Sulfer dioxide emissions. By Brocken Inaglory, CC BY-SA 3.0, https://commons.wikimedia.org/w/index.php?curid=17778985

Sulfer dioxide emissions. By Brocken Inaglory, CC BY-SA 3.0, https://commons.wikimedia.org/w/index.php?curid=17778985

Let’s get one thing straight: air pollution is not isolated to India— it is happening worldwide.  China, the US, and India are the top three emitters of greenhouse gases, and while China takes the lead— if you examine the per capita (per person) pollution rate— the US more than doubles China’s emissions rate. Climate experts say there is no room for emissions in developing countries to reach the high levels that have been typical of wealthier countries. Fossil fuel generated electricity— the largest single source of greenhouse-gas emissions worldwide— would only intensify current levels of pollution. One potential solution for this growing concern came from the 2015 Paris agreement which responds to the threat of global climate change with the goal of lowering global temperature to  pre-industrial levels. The agreement recognized that the poorest countries cannot afford to invest in renewable energy on their own and has promised extensive financial and technical help to them.  As the US pulls its support from the climate agreement, it remains to be seen how much help will be given to the developing countries from other UN nations.

Busy street in Nepal shrouded in smog. Photo Credit: Alex Havasi

Busy street in Nepal shrouded in smog. Photo Credit: Alex Havasi

In addition to vehicular and industrial emissions, the practices of clearing green spaces and burning croplands has also contributed to the decline in air quality in New Delhi. For farmers in India and neighboring Pakistan, crop burning is the traditional way to dispose of leftovers after their late-October harvest. Fire is used to quickly clear fields of wheat, rice and sugarcane for replanting and some believe the char is ideal for re-growth. However, the smoke that often rises over Delhi is anything but ideal.  During the winter, there is little wind and the capital is most vulnerable to toxic smog.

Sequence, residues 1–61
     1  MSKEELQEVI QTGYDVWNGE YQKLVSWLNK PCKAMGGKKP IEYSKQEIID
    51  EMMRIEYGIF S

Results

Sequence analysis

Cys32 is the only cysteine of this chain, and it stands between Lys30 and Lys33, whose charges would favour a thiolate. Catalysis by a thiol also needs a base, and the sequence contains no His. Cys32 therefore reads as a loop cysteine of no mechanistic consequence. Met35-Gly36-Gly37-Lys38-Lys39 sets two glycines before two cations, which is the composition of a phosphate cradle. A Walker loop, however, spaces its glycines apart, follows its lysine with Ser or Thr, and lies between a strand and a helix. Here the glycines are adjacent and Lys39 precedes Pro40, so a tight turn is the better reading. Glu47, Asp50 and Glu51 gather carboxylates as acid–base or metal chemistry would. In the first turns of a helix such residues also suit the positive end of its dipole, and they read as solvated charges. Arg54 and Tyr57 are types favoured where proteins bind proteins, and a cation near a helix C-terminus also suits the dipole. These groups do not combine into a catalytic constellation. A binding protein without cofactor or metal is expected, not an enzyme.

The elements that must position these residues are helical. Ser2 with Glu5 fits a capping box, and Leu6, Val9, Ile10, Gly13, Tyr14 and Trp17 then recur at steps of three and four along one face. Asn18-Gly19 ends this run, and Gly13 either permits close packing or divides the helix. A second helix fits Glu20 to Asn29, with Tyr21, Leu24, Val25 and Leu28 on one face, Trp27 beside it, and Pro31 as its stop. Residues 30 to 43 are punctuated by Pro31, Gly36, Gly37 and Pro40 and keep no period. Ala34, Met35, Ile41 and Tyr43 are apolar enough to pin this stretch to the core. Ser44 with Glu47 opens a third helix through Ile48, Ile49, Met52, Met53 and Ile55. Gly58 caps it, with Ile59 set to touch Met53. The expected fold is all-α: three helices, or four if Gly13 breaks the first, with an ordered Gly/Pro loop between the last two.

Rice crop burning in India. https://upload.wikimedia.org/

Rice crop burning in India. https://upload.wikimedia.org/wikipedia

 

How can you help?

A fix to the greenhouse gas emission crisis that we face is not the work of one person. It will require working together on a global scale to implement changes. Here are a few things you can do in your own life to make a difference:

  1. Recycle waste, reduce consumption, REUSE! If you are going to buy something that is disposable, try to get more than one use out of it. Sew a small tear in your clothing and take your shoes, wallet, or purse to a repair shop before you decide to toss them.
  2. Participate in your local food system. Shop local farmers markets and CSA’s and help cut the estimated 13% of U.S. greenhouse gas emissions resulting from the production and transportation of food.
  3. Carpool when you can. Ride your bike. Walk to close destinations.
  4. Get to know the place where you live so well that you want to protect it. Attend city council meetings when an area is marked for development. Get involved and ask questions, such as how many trees will remain as green belt space to increase the   production of oxygen.
  5. Support organizations that work to better the planet.